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HPV vaccine for boys raises hope of eradicating cervical cancer

This article was taken from: https://www.telegraph.co.uk/news/2019/07/08/hpv-jab-boys-raises-hope-eradicating-cervical-cancer/

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More than 100,000 cases of cancer will be prevented under plans to give boys the HPV jab as well as girls, health officials have said.

Until now, only teenage girls have been given the free vaccine, with parental consent, which protects against cervical cancer.

From September, boys aged 12 and 13 will also be given the jab at school.

Giving boys the vaccine protects girls from the human papilloma virus (HPV), which is passed on through sexual contact.

And it will also protect them from a range of other forms of the disease, including some cancers of the head and neck, and penile, anal and genital cancers.

Scientists hope that cervical cancer could be eradicated within decades, because of the success of the jabs.

Since the vaccine was introduced for teenage girls in 2008, cases of HPV have fallen by 86 per cent among the age groups vaccinated.

At a glance | What is gynaecological cancer?

  • There are five gynaecological cancers – ovarian, cervical, womb, vulval and vaginal. Together, these cancers are the world’s fourth largest cancer killer of women.
  • Every year one million women worldwide are diagnosed with a gynaecological cancer – just 200,000 fewer than the number who are diagnosed with breast cancer – and over 850,000 women die.
  • In the UK there are over 20,000 new cases of gynaecological cancer per year and over 7,600 deaths. This equates to 55 women per day being diagnosed, and 21 families organising a funeral for a woman they love.

Professor Beate Kampmann, director of the vaccine centre at the London School of Hygiene and Tropical Medicine, said: “This decision is a triumph for gender equality in cancer prevention.

“It’s pleasing to see the UK follow the example of other countries like Australia, where the vaccine has been implemented for girls since 2007 and for boys since 2013.”

Dr Mary Ramsay, head of immunisation at Public Health England (PHE), said: “Offering the vaccine to boys will not only protect them but will also prevent more cases of HPV-related cancers in girls and reduce the overall burden of these cancers in both men and women in the future.

“I encourage all parents of eligible boys and girls to make sure they take up the offer for this potentially life-saving vaccine.

“It’s important not to delay vaccination, as the vaccine may be less effective as adolescents get older.”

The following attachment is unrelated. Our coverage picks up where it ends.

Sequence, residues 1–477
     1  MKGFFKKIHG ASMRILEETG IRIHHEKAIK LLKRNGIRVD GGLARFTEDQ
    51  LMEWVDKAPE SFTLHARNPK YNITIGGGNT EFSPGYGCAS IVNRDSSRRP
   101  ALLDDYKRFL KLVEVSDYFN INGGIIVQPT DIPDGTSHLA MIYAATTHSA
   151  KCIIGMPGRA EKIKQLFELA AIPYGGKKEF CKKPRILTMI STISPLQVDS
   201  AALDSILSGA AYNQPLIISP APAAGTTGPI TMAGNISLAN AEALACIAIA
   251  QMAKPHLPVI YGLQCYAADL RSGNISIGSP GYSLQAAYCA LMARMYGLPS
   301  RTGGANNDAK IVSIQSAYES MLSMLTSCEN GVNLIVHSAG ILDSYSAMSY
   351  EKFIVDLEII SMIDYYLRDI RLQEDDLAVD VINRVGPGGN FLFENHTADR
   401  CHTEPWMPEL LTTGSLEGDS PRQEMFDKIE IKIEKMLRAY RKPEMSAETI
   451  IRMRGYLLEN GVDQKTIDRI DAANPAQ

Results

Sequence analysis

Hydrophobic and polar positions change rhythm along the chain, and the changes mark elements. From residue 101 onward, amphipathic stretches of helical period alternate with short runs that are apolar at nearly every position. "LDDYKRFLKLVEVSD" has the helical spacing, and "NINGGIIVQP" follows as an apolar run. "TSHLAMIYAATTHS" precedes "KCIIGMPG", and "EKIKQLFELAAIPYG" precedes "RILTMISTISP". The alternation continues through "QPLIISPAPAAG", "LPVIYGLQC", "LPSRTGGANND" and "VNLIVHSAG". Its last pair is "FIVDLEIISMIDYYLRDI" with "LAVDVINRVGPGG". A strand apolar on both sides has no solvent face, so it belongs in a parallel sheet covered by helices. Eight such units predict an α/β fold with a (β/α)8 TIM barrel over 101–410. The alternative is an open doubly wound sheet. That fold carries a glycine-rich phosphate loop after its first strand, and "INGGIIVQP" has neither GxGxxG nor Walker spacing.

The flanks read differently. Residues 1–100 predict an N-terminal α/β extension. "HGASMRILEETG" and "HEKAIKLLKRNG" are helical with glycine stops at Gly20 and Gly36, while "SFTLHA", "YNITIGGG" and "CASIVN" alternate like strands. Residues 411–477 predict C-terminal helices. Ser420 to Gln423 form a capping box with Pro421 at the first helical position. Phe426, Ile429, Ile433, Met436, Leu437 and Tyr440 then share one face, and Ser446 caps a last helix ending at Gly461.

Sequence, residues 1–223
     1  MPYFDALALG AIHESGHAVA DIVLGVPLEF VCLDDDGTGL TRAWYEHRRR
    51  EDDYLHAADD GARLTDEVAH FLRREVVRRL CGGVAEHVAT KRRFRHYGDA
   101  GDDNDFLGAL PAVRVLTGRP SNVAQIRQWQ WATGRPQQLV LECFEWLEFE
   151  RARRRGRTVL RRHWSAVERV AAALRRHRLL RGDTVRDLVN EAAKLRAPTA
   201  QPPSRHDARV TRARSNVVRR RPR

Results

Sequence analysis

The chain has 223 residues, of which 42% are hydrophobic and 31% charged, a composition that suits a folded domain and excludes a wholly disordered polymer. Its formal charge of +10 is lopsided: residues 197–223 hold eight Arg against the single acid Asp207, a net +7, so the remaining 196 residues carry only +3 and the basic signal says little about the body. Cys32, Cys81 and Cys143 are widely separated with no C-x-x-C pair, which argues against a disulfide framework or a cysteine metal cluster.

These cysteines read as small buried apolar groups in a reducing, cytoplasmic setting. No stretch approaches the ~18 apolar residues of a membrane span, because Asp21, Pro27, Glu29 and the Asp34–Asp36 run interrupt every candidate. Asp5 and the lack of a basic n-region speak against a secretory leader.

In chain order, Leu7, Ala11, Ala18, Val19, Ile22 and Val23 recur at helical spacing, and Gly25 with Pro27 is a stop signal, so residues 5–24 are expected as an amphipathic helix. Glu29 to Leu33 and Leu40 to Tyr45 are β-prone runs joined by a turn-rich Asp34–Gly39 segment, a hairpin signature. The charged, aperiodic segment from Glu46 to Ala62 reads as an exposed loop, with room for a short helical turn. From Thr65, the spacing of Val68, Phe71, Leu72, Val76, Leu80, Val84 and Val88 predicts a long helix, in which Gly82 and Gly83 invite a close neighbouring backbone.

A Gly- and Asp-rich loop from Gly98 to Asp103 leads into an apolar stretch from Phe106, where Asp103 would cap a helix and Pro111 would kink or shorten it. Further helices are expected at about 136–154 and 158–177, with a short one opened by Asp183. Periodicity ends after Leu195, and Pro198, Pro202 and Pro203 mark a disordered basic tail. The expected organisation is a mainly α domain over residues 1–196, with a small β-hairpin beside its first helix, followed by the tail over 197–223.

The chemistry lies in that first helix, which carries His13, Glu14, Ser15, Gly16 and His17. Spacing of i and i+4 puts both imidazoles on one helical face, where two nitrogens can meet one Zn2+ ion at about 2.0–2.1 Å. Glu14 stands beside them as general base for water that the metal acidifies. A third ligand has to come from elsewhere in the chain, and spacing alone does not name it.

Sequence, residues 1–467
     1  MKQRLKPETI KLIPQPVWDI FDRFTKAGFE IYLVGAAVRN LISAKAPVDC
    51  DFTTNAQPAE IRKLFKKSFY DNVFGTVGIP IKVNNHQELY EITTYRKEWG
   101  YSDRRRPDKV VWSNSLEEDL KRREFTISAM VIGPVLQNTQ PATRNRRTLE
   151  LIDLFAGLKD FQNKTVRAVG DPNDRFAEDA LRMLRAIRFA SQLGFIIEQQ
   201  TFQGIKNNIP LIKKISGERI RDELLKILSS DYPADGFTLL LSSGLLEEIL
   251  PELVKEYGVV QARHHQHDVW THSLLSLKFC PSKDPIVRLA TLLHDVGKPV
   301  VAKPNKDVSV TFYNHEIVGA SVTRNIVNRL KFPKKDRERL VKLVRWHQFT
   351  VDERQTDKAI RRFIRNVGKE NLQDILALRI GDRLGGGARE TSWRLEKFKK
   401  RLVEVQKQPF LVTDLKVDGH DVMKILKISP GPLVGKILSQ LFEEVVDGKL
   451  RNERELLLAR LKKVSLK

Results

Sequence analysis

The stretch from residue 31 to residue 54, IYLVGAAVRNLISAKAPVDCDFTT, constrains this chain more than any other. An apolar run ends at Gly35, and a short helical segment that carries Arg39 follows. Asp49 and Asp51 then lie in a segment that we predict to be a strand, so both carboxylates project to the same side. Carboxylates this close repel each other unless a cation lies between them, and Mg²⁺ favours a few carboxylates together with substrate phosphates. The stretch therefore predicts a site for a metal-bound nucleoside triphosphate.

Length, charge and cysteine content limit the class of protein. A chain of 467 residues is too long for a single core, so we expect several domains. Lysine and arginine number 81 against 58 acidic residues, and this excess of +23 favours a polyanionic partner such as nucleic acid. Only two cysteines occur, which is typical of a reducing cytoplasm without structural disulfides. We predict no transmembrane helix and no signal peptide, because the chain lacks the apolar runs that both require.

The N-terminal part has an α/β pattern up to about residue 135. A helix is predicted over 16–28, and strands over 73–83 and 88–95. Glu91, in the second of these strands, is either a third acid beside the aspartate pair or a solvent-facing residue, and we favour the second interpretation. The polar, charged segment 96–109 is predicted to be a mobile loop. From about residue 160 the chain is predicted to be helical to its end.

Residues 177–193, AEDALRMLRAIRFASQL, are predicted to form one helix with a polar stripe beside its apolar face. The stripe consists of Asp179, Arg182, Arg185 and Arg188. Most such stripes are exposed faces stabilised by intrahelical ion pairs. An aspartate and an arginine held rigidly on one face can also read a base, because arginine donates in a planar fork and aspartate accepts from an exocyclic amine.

Public health minister Seema Kennedy said: “The success of the HPV vaccine programme for girls is clear and by extending it to boys we will go a step further to help us prevent more cases of HPV-related cancer every year.

“Through our world-leading vaccination programme, we have already saved millions of lives and prevented countless cases of terrible diseases.

“Experts predict that we could be on our way toward eliminating cervical cancer for good.”

At a glance | Human papilloma virus (HPV)

Human papilloma virus (HPV) is the name for a group of viruses that affect your skin and the moist membranes lining your body.

The precancerous lesions increase the risk of cancer of the cervix, vulva, vagina, penis, anus, mouth, or throat.

Genital HPV infections are common and highly contagious. They are spread during sexual intercourse and skin-to-skin contact of the genital areas. What can HPV infection do?

Infection with some types of genital HPV can cause:

  • genital warts – which is the second most common sexually transmitted infection (STI) in England
  • abnormal tissue growth and other changes to cells within your cervix – which can sometimes lead to cervical cancer

Girls aged 12-13 are offered a vaccination against HPV to help protect them against types of HPV that can cause cervical cancer. Women aged 25-64 are offered cervical screening to check for abnormal cells in the cervix.

Other types of HPV infection can cause minor problems, such as common skin warts and verrucas.

NHS Choices

Estimates from the University of Warwick suggest the vaccine will prevent 64,138 cervical cancers and 49,649 non-cervical cancers in the UK by 2058.  This will include 3,433 cases of penile cancer and 21,395 cases of head and neck cancer, such as throat cancer, in men.

Across the UK, boys will receive their first dose aged 12 to 13 – year eight for those in England and Wales – with a follow-up dose six months to two years later, also given in school.

In Scotland, the first dose could be given between the ages of 11 and 13.

Professor Helen Stokes-Lampard, chairwoman of the Royal College of GPs, said: “The potential of this vaccine to save lives and prevent the complications of cancer is huge, and since it has been available on the NHS for girls, it has had excellent take-up, with impressive results – it’s important this success is replicated with boys.

“We’d encourage all parents of eligible children to get their child vaccinated when it is offered, and if they miss the round for any reason, that they let their school nurse know so that they can be invited to a ‘catch-up’ clinic.”

Peter Baker, campaign director for HPV Action, said: “We made the case for this for five long years because we know that universal vaccination will save men’s and women’s lives, reduce suffering and in the long run save money too.”

More than 3,000 women in the UK are newly diagnosed with cervical cancer each year in the UK and the disease kills over 850 women annually.